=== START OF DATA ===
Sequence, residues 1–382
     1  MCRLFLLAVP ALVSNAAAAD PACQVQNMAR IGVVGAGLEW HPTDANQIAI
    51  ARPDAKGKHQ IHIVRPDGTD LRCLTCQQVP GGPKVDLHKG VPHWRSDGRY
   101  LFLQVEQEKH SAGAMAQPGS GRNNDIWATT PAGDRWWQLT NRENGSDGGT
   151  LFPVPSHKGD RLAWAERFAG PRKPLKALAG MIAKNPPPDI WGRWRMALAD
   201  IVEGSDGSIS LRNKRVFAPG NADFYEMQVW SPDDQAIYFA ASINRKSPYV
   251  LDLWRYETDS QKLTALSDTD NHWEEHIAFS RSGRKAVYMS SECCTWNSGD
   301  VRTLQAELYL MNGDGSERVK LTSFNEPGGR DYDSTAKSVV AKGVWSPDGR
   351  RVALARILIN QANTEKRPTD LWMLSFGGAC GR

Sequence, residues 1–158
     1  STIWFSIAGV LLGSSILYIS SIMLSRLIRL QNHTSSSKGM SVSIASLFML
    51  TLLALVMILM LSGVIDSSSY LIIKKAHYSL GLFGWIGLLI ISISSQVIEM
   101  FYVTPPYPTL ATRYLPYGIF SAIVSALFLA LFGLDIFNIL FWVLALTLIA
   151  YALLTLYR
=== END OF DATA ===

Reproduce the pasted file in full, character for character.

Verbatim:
Sequence, residues 1–382
     1  MCRLFLLAVP ALVSNAAAAD PACQVQNMAR IGVVGAGLEW HPTDANQIAI
    51  ARPDAKGKHQ IHIVRPDGTD LRCLTCQQVP GGPKVDLHKG VPHWRSDGRY
   101  LFLQVEQEKH SAGAMAQPGS GRNNDIWATT PAGDRWWQLT NRENGSDGGT
   151  LFPVPSHKGD RLAWAERFAG PRKPLKALAG MIAKNPPPDI WGRWRMALAD
   201  IVEGSDGSIS LRNKRVFAPG NADFYEMQVW SPDDQAIYFA ASINRKSPYV
   251  LDLWRYETDS QKLTALSDTD NHWEEHIAFS RSGRKAVYMS SECCTWNSGD
   301  VRTLQAELYL MNGDGSERVK LTSFNEPGGR DYDSTAKSVV AKGVWSPDGR
   351  RVALARILIN QANTEKRPTD LWMLSFGGAC GR

Sequence, residues 1–158
     1  STIWFSIAGV LLGSSILYIS SIMLSRLIRL QNHTSSSKGM SVSIASLFML
    51  TLLALVMILM LSGVIDSSSY LIIKKAHYSL GLFGWIGLLI ISISSQVIEM
   101  FYVTPPYPTL ATRYLPYGIF SAIVSALFLA LFGLDIFNIL FWVLALTLIA
   151  YALLTLYR